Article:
Pederast fruit flies, too, but with better-established biochemistry:
Dopamine and Mushroom Bodies in Drosophila: Experience-Dependent and -Independent Aspects of Sexual Behavior

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Jazzns
Member (Idle past 3989 days)
Posts: 2657
From: A Better America
Joined: 07-23-2004


Message 187 of 243 (313589)
05-19-2006 4:35 PM
Reply to: Message 185 by Hyroglyphx
05-19-2006 2:56 PM


Re: Glossing over the obvious
nemesis I think you need to decide what you are arguing and stick to it. I was operating with the understanding that you were trying to use the genetic basis for homosexuality as a refutation of evolution on the grounds that homosexual people are less fit because they have no desire to engage in activity that would result in procreation. To have that kind of a discussion we have to make the assumtion for the sake of argument that homosexuality is genetic.
If you then switch to say that we are not taking that assumption for the sake of argument then your whole point of the fitness level of homosexuals goes out the window. If homosexuality or altruism is not heritable there there is no point in having a discussion about the evolution of those traits or how they show that evolution could not have occurred.
So here we have two scenarios.
1. Altruism/Homosexuality/(Other non-obvious beneficial trait) is genetic. To rephrase, this means that this trait is passed on by the physiological makeup of the individual via there genes. If we operate under this assumtion then there are many examples and evidence already given that illustrate both the plausability and possibility of maintaining non-ideal genetic traits at some frequency in the population.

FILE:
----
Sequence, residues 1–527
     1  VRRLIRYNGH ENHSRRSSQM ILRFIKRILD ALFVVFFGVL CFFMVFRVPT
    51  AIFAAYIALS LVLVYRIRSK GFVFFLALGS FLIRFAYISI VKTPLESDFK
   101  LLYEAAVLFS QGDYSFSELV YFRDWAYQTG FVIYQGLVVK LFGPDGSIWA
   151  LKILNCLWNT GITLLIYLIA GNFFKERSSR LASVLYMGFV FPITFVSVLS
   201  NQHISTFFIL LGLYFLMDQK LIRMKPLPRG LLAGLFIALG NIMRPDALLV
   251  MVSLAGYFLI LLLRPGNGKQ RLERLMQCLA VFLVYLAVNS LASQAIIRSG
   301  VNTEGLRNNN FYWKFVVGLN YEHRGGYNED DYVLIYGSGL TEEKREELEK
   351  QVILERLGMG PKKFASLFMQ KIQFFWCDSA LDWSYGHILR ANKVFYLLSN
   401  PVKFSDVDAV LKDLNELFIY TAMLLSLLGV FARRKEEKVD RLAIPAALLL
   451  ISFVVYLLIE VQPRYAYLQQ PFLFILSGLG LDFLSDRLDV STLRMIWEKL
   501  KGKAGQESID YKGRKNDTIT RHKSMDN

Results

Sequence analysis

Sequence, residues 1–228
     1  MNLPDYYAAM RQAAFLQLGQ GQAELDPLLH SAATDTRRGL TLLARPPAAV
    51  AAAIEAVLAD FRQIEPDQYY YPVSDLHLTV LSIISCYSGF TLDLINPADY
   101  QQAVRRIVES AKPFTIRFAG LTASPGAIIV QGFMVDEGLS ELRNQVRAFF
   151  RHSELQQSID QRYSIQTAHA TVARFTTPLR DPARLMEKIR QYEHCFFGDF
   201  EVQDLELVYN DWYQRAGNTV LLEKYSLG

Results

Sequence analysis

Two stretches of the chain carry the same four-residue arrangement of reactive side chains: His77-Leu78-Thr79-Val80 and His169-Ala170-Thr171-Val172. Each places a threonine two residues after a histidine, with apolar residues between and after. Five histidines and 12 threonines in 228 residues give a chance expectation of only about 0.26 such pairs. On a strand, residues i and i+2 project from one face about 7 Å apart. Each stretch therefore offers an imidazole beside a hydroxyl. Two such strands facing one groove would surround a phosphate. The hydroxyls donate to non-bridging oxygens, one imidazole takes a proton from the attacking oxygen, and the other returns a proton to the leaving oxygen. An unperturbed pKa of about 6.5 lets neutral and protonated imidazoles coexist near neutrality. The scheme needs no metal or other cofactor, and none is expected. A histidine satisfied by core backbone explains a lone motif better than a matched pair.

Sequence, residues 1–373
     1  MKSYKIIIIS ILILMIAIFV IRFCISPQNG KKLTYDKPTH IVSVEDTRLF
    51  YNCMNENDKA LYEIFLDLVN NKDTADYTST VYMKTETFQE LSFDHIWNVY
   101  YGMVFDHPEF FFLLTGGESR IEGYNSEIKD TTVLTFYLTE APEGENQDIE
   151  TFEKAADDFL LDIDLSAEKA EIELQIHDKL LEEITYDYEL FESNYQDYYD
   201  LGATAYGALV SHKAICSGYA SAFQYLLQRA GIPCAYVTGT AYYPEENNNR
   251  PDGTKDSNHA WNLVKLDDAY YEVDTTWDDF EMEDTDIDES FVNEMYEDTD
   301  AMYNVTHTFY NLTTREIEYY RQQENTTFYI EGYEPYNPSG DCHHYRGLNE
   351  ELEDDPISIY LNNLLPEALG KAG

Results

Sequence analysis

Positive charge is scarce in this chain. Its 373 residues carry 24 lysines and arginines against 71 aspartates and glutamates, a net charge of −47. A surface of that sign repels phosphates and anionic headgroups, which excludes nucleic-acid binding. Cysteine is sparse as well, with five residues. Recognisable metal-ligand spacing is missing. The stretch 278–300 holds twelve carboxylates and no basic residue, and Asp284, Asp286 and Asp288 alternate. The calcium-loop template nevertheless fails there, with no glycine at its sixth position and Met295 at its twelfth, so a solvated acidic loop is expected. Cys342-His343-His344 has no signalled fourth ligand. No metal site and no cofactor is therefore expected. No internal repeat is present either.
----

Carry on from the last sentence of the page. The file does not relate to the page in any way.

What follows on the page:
2. Altruism/Homosexuality/etc are not genetic. Therefore there is no problem explaning them in terms of evolution because evolution does not operate on characteristics that are not genetic.
So if you are going to continue to operate in the realm of 1 you need to stick to that basic assumtion or else all capability of having a reasonable discussion goes out the window. If you don't want to have a reasonable discussion then might I suggest you go start a blog.

Of course, biblical creationists are committed to belief in God's written Word, the Bible, which forbids bearing false witness; --AIG (lest they forget)

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Lithodid-Man
Member (Idle past 3009 days)
Posts: 504
From: Juneau, Alaska, USA
Joined: 03-22-2004


Message 188 of 243 (314096)
05-21-2006 7:53 AM
Reply to: Message 160 by Hyroglyphx
05-18-2006 8:11 PM


Getting to my response
NJ,
I had promised to talked about altruism. So I will try to ignore the temptation to reply to posts since the other day.